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Deputies Keep Eye on Truck Safety

August 7-13, 2002

Truck driver Bob Price did not think anything of getting flagged into a safety inspection checkpoint Monday as he drove his daily route in Loudoun County.

What he did not expect was a ticket from the Loudoun County Sheriff's Office for a safety violation. "I didn't think anything was wrong with my truck," said Price, a driver for AAA Recycling and Trash Removal Service in Fairfax County. "[The brakes] had a slight air leak. You wouldn't hear it unless you had your ear next to it. ... It's one of those things. If you're conscientious about your job, you want to know what condition your vehicle is in," Price said.

Price's truck was one of nine commercial vehicles taken out of service Monday morning for 40 safety violations, including cracked frames, tire defects and brakes with leaks or improper adjustments.

"You'll never have a better chance to see what's going on than by the side of the road," said Joseph Clapp, administrator of the U.S. Department of Transportation Federal Motor Carrier Safety Administration.

Clapp, U.S. Rep. Frank Wolf (R-10), chair of the House Transportation Appropriations Subcommittee, and other officials from the U.S. Department of Transportation, the Virginia Department of Transportation (VDOT) and the Virginia Department of Motor Vehicles (DMV) attended the commercial vehicle safety inspection checkpoint.

THE SHERIFF'S Office Traffic Safety Unit set up the checkpoint near Route 28 and Steeplechase Drive to conduct safety inspections and check fee and tax payments and driver credentials. Two full-time Sheriff's Office inspectors inspected 14 vehicles from 7 a.m.-12 p.m. with the assistance of three of seven trained deputies assigned to conduct the inspections on a monthly basis.

"There's so much construction and so much commercial enterprise, the volume is unbelievable. We're doing our best to make the roads safer by holding these people accountable," said Sheriff Stephen Simpson, who also attended the inspection. "Safety is a big issue in Loudoun County. The message we're trying to send out is if you're going to drive in Loudoun County, you better have [your vehicle] in order."

The Traffic Safety Unit used DMV's Infrared Inspection System (IRIS) during the checkpoint to detect trucks with malfunctioning brakes, under inflated tires and leaky exhaust systems.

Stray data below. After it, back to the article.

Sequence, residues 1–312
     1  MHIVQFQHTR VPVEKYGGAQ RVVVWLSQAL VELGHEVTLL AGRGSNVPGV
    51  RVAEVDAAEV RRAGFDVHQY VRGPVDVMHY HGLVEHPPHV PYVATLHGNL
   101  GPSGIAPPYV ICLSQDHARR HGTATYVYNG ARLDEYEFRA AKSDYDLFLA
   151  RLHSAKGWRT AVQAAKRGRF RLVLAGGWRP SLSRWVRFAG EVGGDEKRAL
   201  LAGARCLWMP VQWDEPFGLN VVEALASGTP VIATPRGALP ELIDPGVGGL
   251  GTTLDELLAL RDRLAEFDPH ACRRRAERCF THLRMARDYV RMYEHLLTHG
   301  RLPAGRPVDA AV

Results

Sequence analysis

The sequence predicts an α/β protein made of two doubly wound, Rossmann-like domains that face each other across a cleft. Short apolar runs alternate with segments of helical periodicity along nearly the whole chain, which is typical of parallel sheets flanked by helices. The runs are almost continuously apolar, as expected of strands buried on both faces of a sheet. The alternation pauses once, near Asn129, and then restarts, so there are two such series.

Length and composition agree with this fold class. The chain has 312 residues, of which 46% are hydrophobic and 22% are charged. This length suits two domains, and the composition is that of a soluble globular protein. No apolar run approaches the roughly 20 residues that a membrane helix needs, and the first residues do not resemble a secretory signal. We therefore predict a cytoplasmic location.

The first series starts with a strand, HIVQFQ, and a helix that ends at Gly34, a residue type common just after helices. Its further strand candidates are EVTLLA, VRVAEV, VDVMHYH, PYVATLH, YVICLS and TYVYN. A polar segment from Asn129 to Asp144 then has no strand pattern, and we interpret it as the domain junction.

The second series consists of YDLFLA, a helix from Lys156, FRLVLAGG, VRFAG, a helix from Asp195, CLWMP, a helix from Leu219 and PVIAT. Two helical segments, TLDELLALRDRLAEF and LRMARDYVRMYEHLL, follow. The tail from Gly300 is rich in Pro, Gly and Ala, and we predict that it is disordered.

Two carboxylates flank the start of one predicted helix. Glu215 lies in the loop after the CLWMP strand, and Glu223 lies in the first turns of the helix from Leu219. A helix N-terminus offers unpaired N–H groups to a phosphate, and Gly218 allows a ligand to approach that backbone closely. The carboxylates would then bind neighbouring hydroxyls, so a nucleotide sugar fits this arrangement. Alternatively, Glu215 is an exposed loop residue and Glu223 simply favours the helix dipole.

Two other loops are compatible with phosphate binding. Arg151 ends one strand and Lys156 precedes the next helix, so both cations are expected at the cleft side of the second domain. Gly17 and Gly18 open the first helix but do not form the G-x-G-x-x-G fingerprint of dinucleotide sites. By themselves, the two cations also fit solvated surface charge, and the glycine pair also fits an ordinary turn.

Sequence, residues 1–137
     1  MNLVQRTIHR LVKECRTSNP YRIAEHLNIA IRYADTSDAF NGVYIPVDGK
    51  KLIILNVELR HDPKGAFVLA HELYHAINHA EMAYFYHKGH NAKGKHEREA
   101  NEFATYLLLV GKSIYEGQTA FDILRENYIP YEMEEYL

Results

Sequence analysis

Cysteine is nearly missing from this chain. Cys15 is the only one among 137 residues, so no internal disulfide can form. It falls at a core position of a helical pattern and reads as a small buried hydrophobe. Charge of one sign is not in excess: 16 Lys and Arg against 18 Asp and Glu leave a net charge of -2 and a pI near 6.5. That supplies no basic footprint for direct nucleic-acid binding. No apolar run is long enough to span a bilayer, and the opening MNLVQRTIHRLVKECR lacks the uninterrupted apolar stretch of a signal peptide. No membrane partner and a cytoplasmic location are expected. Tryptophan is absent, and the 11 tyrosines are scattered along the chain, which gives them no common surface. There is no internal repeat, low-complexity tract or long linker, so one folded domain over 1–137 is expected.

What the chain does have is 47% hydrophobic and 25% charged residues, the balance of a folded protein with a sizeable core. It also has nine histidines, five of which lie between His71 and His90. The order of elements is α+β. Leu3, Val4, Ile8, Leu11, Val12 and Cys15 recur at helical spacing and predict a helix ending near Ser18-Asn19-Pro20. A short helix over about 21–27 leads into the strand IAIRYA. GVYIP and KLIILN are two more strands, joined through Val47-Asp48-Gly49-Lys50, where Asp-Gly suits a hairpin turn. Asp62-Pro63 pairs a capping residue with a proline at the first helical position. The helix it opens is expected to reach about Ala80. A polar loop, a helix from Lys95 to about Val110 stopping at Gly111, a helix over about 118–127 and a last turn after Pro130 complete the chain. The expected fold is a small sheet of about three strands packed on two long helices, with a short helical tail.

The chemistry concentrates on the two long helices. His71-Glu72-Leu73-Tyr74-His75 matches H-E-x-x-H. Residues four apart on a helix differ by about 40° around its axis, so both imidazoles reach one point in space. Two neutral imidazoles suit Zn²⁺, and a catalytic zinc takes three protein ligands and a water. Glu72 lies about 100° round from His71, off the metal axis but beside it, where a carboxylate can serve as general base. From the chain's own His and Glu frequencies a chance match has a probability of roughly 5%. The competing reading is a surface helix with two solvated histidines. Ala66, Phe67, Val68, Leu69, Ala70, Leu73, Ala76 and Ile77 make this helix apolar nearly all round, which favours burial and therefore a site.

"In the old days, they would pull every single truck over. This enables you to pull off the ones that are in violation of the law," Wolf said.

Lynwood Butner, DMV deputy commissioner, calls the use of the IRIS system a matter of "smart selection."

"We can help the enforcement community bring in potential safety concerns more efficiently," Butner said, adding that the system also helps VDOT. "We want to make sure the damage done to roadways is not over what is allowed, which increases VDOT's maintenance [costs.]"

THROUGH A GRANT, DMV purchased four IRIS units for $1 million and began using them in November 2000. The units, which are available to law enforcement agencies, include a camera and two monitors to videotape traffic heading in both directions on the roadway.

The camera, which is mounted on top of a DMV van, uses a thermal imager to detect the temperature of a vehicle's wheels as they move. The information the camera gathers is displayed on two monitors inside the van, one showing a color image to identify the vehicle and the second displaying an infrared image. The infrared image appears white as it catches the glow from the heat of brakes, drums and wheels working properly. Otherwise, the image is dark and cold, a clue for potential equipment problems.

"It's a great tool for them. ... Once they do one inspection, they might find unrelated problems," said Jose Vado, engineer technician for DMV Motor Carrier Services.

Vado monitored the screens on Monday and communicated any problems to sheriff's deputies stationed on Route 28, who in turn flagged drivers to the checkpoint.

"In Loudoun County, we focus on violations that either cause accidents or increase the severity of accidents," said Deputy Chris Rizzo, full-time inspector, along with Deputy Clark Jackson. Rizzo looked for problems with suspension and load securements and in the brakes, tires and frames of the trucks. "It's a matter of time before defects will lead to an accident."

NATIONWIDE, 14-15 people die a day from accidents involving trucks, Wolf said. "This is like an airplane crash every two to two-and-a-half weeks," he said.

The Traffic Safety Unit conducted 1,810 inspections during fiscal year 2002 with 60 percent or 1,088 vehicles taken out of service. The inspections involved 6,568 safety violations and overweight fines totaling more than $315,000.

"The numbers are high because we're looking for unsafe trucks to start with," Rizzo said.

The nine vehicles taken out of service were required to remain at the site until repairs were made.